So what about the Catch 22? How do you get the experience you need? Woosnam says it's a matter of trust, apprenticeship and luck. Expect to be hired at an entry-level position and move upward as you gain the experience and prove yourself.
The Skills Needed
According to Woosnam, the most crucial things to know are ATM technology, fiber optics and an understanding of the layers of the technologies.
ATM technology has replaced SONET (synchronous optical network) as the baking machine technology that prevents people from breaking into the system and rerouting your financial information. It is the technology used in North America's major backbones, and there is a huge need for capable people in this area. (Speaking of SONET, don't show up for an interview with Woosnam unless you understand fully the difference between SONET and Ethernet).
In the interest of preventing hacking, ATM technology training is not readily available in educational institutions. However, computer science professors have been known to share the knowledge with advanced students who have gained their trust. Upon delving into ATM technology, the student quickly discovers that this is the tip of the iceberg.
Fiber optics is the next step, and it leads to a starburst of information that shoots off in many different directions.
Describing fiber optics as the "future of telecommunications," Woosnam stresses the importance of understanding the different protocols and methodologies. He points to DWDM (dense wave division multiplexing) as an example. DWDM is an optical technology used to increase bandwidth over existing fiber-optic backbones, and sometimes to make the backbone more secure. It is basically the division of a fiber-optic line into 32, 64 or 128 different-colored lights. Each can run in any data rate and be totally separate from any other colored light - thereby multiplying the capacity of a single fiber.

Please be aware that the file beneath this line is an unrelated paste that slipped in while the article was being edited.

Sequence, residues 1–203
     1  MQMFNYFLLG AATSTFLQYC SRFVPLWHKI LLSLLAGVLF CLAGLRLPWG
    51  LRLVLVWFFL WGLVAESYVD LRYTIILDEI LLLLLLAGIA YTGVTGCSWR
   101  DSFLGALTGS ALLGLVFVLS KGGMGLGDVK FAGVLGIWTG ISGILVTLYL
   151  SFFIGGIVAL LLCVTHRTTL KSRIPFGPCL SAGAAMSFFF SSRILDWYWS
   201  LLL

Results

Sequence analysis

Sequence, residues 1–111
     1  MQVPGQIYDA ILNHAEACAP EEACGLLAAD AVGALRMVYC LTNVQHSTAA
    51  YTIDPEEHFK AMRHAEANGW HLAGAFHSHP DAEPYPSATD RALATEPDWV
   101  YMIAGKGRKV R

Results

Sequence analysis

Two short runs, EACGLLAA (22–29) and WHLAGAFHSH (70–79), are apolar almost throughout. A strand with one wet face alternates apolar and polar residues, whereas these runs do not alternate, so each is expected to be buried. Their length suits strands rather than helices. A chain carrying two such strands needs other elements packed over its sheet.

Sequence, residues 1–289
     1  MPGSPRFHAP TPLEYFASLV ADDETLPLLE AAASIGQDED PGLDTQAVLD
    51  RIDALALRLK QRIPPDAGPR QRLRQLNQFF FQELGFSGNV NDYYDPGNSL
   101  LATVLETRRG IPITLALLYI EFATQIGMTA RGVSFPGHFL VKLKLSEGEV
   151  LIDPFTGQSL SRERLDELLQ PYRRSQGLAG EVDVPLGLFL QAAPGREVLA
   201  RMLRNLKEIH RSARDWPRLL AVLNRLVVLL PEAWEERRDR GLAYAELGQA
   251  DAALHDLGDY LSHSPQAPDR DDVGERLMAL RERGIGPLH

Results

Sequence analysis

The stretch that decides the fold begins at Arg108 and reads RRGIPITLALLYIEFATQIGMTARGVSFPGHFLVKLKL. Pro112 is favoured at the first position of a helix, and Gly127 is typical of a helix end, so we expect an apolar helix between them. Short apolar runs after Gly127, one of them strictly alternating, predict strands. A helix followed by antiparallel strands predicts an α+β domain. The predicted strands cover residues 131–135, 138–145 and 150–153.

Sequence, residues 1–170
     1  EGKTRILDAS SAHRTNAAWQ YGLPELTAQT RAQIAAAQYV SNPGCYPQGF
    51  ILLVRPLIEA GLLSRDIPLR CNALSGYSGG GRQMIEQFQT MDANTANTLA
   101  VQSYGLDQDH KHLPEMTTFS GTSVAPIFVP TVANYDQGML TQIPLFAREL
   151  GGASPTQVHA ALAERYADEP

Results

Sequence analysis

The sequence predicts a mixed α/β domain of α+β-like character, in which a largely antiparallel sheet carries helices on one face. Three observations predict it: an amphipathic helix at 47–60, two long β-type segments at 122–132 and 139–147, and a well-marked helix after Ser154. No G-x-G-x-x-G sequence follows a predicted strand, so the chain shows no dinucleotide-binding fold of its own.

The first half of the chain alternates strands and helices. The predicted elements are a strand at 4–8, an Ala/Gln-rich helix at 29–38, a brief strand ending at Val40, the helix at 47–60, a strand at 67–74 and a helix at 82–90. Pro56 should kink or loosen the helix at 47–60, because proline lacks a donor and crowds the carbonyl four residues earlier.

With telecommunications security, you must also understand the medium sufficiently to know how easily you can detect when data has been tampered with. For example, in a B1 network, known as a Common Criteria 5 security level, the ability to tamper must be totally thwarted, rendering the information secure.
Understanding the layers of technology is the third critical thing to know when dealing with protocols like TCP/IP. The lower the layer number, the more secure the system will be. The hardware layer (i.e. the physical layer) is number one. "If you secure at a higher layer, like five or six, it can be compromised quickly by a hacker coming in at layers one through four," explained Woosnam.
It goes without saying that you need a good understanding of the various operating systems, including Linux. It may surprise some people to know that communication skills and "people' skills are also very important. Woosnam advocates taking a few psychology courses as fillers. "I have found that those with the best technical knowledge tend to have the weakest people skills," he remarked. ''But seldom does a person's genius override his ability to communicate."
An Easier Way?
But hey isn't all this too much work? Couldn't you just hack into somebody's system to show them their vulnerabilities? Wouldn't that convince them to hire you? System administrator M.P Prakash R. Lewis from North Carolina doesn't think much of that idea. He points out that while this approach might have worke3d once, it's unlikely to work against today's well-protected systems. "A good security admin rarely leaves any weaknesses," he points out. "And we constantly check for new potential vulnerabilities."Interested in publishing this article in your ezine, website or print publication? This article is available for your use provided you include the info box below and use a live, DO FOLLOW link to this site.